For decades, scientists have been studying ways to increase the lifespan of humans. Here’s 3 treatments they have practiced and learned from about aging.
The 3 Most Talked About Preventative Aging Practices
Practice 1: Rapamycin
Originally found in Easter Island soil during the 1970s, this FDA-approved drug is used in transplant patients to suppress the immune system. The immune function in healthy animals tends to improve. Rapamycin has the potential to reduce inflammation, which increases with age.
One study found rapamycin rejuvenated old mice’s hearts. There were substantial improvements in cardiac function after treatment. Research showed that mice still had improvement in longevity and health duration even when they were administered rapamycin late in life.
Rapamycin shows the most promise of any drug that targets aging, although it won’t necessarily increase lifespan by 20 to 30 years on the average person. Although the right dose could improve several age-related health problems, including boosting immune function and protecting against dementia, cancers, and heart disease.
While it is approved to prevent rejection in organ transplant patients, it is not approved to treat aging. There are also questions about side effects, which may include susceptibility to infection and the possibility of developing lymphoma.
Practice 2: Metformin
Millions of people were given this drug to treat diabetes, it decreases insulin levels. It addresses the aging-related biological mechanisms. The anti-aging effects may be associated with inflammation-related influences on the metabolic and cellular processes. It was linked in animal models to extend the lifespan and protecting against age-related diseases.
Drugs used to treat chronic disease in the early stages may be effective because they target aging. Metformin is an interesting case because it obviously increases longevity in people with diabetes and would definitely do the same for pre-diabetics and others with severe metabolic disease. It’s not clear whether metformin will be beneficial in people who are metabolically healthy and exercise regularly.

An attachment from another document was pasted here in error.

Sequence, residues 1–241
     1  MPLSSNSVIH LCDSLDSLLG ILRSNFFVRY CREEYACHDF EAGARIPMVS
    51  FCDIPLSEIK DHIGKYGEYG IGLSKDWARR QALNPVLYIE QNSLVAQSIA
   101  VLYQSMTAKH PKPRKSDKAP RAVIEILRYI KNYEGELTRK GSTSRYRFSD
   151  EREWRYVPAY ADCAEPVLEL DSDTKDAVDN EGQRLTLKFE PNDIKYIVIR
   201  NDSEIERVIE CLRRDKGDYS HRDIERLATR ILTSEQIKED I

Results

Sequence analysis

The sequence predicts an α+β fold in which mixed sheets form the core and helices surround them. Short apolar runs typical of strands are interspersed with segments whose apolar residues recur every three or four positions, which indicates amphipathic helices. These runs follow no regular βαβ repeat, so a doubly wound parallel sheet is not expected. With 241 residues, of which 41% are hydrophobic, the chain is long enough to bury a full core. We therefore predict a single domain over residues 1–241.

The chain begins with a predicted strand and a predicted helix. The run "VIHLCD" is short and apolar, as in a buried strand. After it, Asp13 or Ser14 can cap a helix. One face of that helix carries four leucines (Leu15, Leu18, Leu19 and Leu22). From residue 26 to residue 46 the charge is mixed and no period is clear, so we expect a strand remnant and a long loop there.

Mice studies suggest that metformin is different from rapamycin, in the sense that metformin only improves lifespan by a very small amount, and in some cases no effect has been recorded to even shortens lifespan in mice.
Practice 3: Caloric Restriction
A dietary regimen which reduces calories while withholding nutrients. Work on laboratory animals, which started nearly a century ago, has shown that age-related diseases in mice and rats can be prevented by dietary and caloric restriction, although findings have varied.
Monkeys on a 30% lower-calorie diet than the control group lived for about 28 years longer than males and about 30 years for females, a few years above average for captive monkeys. Calorie-restricted monkeys had less age-related health problems compared to the control monkeys in both categories.
Several “biohackers” embarked on diets for caloric restriction, with the intention of living longer. Entrepreneur Dave Asprey, author of Bulletproof Diet, said he plans to live to be 180 and with a variety of treatments, including vitamins and a strict diet trying to hack his own genetics.
Dieting monkeys displayed improved health, although not living longer than the control monkeys. While they were fed different diets and had different feeding times and access to food, it is not clear why there was a disparity between the two groups of monkeys. There is no compelling evidence caloric restriction will work with people.
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